Take, for instance, the phrase “Dat maakt geen sense”, the literal translation of which is That makes no sense. Makes sense, right? “Dat”, that; “maakt”, makes; “geen”, no; sense, sense. Except sense is not a Dutch word—it’s a direct borrowing from English. A Dutch translation of sense in this sense (ha) would be “logica”, but the phrase “Dat maakt geen logica” doesn’t make any sense at all. No native Dutch speaker would ever say “Dat maakt geen logica”. What we say when we want to tell someone that something doesn’t make sense, we might say “Dat is niet logisch” (literally That is not logical).
…except this phrase is slightly different. In English, you can tell someone You’re making no sense. But in Dutch, “Je bent niet logisch” (literally You are not logical) doesn’t make sense. Again, no native speaker would utter this phrase. We would have to resort to a completely different construction, such as “Je praat onzin” (literally You speak nonsense à you’re speaking nonsense) or “Ik begrijp je niet” (literally I understand you not à I don’t understand you). Can you blame us for wanting to adopt that perfect little word, sense, and that beautiful, effective, multifunctional that makes no-construction?
This Dutch confiscation of an English word and sentence construction is clearly a code-switch motivated by lexical accessibility or convenience. It’s not as though the Dutch language is incapable of encoding the meaning of It makes no sense or You’re making no sense; it’s just that the English encoding is much more elegant and functional, and requires less cognitive effort for bilingual brains. The brain stumbles upon the English phrase first, and chooses to seize onto it rather than expend precious energy searching for a similarly appropriate Dutch equivalent. (And why should it, really? The English phrase is right there.)
Linguistic interference: code-switching gone wrong
Earlier, I said that code-switching is not the result of linguistic incompetence. Sometimes it’s hard to tell the difference between code-switching (consciously or unconsciously motivated switches between two languages) and linguistic interference (when a bilingual’s languages unintentionally interfere with each other), though. It’s hard to justify the phrase “Ik ga shit done doen” (literally I go shit done do) in terms of motivated and explainable language creativity. It’s not just that shit and done are English words; it’s that done doen is successive use of the same verb, in different languages as well as in different forms: an English past participle and a Dutch infinitive. Creative, sure, but the next time this anonymous contributor to the Interesting Things People Do With Language note in my iPhone wants to let someone know she’s gonna go get shit done, she might want to consider trying to stick to one language.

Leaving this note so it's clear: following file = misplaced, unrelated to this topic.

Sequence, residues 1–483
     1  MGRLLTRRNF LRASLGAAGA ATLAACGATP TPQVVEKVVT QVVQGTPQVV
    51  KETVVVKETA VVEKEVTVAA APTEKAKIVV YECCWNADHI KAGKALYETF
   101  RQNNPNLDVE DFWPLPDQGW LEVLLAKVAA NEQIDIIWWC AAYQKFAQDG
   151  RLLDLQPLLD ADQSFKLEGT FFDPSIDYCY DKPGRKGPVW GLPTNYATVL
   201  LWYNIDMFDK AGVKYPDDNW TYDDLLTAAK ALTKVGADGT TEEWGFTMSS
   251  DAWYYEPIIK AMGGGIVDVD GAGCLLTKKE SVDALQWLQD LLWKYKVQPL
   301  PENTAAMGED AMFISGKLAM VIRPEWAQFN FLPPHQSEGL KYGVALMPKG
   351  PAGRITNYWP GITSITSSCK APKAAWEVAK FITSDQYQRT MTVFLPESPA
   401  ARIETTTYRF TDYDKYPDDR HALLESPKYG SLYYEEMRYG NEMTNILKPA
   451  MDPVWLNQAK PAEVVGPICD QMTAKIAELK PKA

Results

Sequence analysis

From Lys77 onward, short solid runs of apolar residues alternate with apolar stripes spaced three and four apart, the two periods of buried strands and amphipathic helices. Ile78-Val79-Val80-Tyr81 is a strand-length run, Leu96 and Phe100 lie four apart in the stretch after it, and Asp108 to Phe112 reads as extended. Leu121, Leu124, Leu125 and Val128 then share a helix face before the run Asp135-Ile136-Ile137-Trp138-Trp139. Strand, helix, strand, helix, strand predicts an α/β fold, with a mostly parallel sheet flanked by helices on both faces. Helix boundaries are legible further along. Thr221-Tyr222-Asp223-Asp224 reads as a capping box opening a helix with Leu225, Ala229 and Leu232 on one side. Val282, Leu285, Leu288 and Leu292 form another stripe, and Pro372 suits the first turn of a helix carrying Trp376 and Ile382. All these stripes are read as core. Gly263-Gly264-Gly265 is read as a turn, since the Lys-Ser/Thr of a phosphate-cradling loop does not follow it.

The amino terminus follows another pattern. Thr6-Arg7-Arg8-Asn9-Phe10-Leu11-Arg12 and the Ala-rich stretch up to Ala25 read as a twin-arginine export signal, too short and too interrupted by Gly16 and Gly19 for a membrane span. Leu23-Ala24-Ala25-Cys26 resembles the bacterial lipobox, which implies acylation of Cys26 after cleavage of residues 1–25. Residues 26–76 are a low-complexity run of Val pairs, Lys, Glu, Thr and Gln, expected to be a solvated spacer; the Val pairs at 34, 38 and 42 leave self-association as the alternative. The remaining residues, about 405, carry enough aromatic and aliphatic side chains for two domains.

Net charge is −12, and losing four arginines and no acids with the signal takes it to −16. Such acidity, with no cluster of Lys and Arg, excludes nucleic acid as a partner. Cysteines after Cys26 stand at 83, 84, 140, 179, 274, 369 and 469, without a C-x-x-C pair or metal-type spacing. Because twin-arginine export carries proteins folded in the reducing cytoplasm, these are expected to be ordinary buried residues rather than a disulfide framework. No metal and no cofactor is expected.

Another example of linguistic interference—and the last one I will mention here, or else you’ll be stuck reading about interlingual eccentricities forever—is when the grammatical structure of one language is used as the scaffolding for a sentence in the other language. This happens to me embarrassingly often. “Terwijl ik moet aan mijn scriptie werken” (literally while I have to work on my thesis) is monolingual enough—no code-switch in sight!—but in Dutch, we like to send verbs all the way to the back of the sentence so they can all hang out together and form one big happy verb phrase. “Terwijl ik aan mijn scriptie moet werken” would be the natural Dutch word order here.
Life on the language junction is a continuous affair. We haven’t even covered false friends (words that look like they have the same meaning but don’t) or lacunae (lexical ‘gaps’ in a language, i.e. the lack of a term for a concept another language does have a term for) yet, or the endless source of amusement that is Dutch soccer manager Louis van Gaal’s epic ‘Dunglish’ (cringe-worthy Dutch interference in English). Those are matters for another day, though. Right now it’s high time to go get other shit done doen.